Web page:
"Braiding the reflections of nine variously affected individuals... David Henry Gerson’s film successfully keeps the big picture and the smaller canvas in conscientious balance, disrupting overwhelming tragedy with more hopeful flashes of invention and inspiration.... Simple and unadorned in construction, “The Story Won’t Die” generously and compassionately observes its subjects’ fevered creative flow without appropriating any of it as its own."
"The Story Won’t Die doesn’t confront the death and subsequent refugee crisis so directly. Instead, it follows artists who left Syria for Europe, and how they use their creativity to make sense of their homeland.... There are rappers, singers, guitarists, choreographers, and illustrators who all make Syria their primary subject... Their art is frequently arresting: they combine traditions to create something new and deeply tragic.
"Shepard Fairey believes that “The Story Won’t Die” will move audiences to greater awareness and understanding of the Syria crisis. “We’ve all seen footage of bombed-out buildings in Syria and statistics, but it’s the individual stories that will make everyone see themselves in the people in this film... It’s our job as artists to push through and see each other for who we are and the film does that really powerfully.”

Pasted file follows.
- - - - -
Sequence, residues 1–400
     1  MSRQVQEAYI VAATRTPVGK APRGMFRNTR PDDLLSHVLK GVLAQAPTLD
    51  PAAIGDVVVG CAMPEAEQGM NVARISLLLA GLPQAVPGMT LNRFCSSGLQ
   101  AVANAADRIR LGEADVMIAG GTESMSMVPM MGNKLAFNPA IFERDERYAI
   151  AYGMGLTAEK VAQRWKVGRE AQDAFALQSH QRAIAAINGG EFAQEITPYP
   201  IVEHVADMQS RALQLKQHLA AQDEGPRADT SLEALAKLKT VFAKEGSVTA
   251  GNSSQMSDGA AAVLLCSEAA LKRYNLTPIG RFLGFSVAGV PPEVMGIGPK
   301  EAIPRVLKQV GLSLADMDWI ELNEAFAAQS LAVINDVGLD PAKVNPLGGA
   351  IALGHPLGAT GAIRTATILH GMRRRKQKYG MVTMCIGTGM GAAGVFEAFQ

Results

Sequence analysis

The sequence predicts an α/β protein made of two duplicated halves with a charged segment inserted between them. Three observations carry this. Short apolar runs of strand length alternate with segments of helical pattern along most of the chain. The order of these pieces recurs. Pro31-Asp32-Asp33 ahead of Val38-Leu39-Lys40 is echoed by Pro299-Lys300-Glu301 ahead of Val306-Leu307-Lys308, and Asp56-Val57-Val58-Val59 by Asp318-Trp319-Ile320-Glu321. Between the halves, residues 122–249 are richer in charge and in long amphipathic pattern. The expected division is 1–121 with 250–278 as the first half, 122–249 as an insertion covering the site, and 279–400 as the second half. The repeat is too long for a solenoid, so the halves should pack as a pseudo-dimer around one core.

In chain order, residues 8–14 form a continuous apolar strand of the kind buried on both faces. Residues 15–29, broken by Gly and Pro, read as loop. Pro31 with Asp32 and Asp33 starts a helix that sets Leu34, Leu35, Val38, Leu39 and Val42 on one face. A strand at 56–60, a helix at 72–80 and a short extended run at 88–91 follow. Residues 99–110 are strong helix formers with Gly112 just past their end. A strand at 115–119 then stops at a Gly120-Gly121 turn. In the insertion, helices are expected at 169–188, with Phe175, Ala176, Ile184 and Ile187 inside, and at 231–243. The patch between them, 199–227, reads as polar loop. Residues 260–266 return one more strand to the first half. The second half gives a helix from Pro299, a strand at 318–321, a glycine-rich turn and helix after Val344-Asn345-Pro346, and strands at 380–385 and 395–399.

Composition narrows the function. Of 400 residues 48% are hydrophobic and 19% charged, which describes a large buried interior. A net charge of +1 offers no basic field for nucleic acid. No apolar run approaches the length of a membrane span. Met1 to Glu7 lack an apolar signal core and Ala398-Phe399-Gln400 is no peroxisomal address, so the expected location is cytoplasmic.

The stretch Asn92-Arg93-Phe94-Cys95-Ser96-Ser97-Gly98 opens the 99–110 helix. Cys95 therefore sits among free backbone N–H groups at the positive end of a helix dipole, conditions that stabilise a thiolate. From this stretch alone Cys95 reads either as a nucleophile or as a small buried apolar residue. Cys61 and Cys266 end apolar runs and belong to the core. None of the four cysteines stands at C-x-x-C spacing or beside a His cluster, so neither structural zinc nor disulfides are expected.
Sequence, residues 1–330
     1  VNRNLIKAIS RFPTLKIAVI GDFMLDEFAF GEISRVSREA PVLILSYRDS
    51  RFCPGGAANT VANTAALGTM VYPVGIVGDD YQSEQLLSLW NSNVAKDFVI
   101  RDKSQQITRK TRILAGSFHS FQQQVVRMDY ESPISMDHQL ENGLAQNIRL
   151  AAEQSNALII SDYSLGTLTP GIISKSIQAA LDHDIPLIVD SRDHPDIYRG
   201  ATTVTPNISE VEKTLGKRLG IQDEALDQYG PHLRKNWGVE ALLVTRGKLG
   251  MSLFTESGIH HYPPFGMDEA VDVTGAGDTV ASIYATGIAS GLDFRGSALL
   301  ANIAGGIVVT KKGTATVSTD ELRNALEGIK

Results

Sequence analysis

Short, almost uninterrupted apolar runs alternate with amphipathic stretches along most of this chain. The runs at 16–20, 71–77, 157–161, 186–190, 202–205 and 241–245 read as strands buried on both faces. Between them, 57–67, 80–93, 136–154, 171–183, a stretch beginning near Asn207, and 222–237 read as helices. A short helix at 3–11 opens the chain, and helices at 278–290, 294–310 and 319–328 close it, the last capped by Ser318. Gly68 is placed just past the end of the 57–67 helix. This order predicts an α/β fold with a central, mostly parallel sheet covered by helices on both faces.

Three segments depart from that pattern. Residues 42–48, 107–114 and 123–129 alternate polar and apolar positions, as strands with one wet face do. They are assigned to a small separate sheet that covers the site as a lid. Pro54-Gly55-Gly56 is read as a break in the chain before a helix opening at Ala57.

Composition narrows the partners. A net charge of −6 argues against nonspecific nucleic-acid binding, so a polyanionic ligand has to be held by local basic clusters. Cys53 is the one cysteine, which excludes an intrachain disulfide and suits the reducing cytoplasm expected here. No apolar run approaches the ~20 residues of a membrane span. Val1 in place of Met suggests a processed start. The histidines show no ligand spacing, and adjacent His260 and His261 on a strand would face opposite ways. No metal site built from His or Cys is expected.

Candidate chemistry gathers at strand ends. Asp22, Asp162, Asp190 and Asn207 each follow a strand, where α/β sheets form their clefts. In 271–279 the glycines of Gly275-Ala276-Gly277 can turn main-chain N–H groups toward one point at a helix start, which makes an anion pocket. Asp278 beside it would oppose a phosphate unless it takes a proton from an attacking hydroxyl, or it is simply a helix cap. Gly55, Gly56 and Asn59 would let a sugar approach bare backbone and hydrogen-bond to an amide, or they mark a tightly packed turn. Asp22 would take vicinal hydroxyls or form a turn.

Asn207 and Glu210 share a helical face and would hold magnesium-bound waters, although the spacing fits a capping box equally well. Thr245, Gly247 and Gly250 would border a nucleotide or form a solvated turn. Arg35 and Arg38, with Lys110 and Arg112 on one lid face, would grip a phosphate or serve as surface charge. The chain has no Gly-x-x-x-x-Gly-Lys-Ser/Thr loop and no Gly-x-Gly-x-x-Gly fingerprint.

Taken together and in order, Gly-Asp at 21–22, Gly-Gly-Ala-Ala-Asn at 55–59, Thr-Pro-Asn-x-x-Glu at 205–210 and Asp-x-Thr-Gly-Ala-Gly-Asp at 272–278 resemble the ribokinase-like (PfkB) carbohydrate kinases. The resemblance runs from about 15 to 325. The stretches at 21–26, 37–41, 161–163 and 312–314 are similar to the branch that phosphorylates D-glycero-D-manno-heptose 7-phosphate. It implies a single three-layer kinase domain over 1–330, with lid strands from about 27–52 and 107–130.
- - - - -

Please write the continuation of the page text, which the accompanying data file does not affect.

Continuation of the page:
"Gerson’s documentary is one of several in the festival that ponder the nature of politics and art. In this case it is art and politics in extremis, as it follows the post-exile careers of those swept up in the Syrian diaspora, fleeing the chaos of civil war and the tyranny of a regime where a rapper can be imprisoned and tortured for months for his lyrics."
"What meaning does free expression have for someone in exile? Who is there to see or hear? Where can words and images resonate? How do you make a community in exile? These are some of the questions that the artists ask themselves and that The Story Won’t Die explores."
"One of the films to see is “The Story Won’t Die,” David Henry Gerson’s look at how art can survive under the most dire circumstances, which, in this case, is the Syrian civil war... this doc looks at the lives of rapper Abu Hajar (who was tortured by the Bashar Al-Assad regime) and visual artist Diala Brisly, whose work has been showed at The Met."
Clip of Shepard Fairey ( @obeygiant ) speaking on THE STORY WON'T DIE in conversation with Abu Hajar, Diala Brisly, David Henry Gerson and Peter Debruge.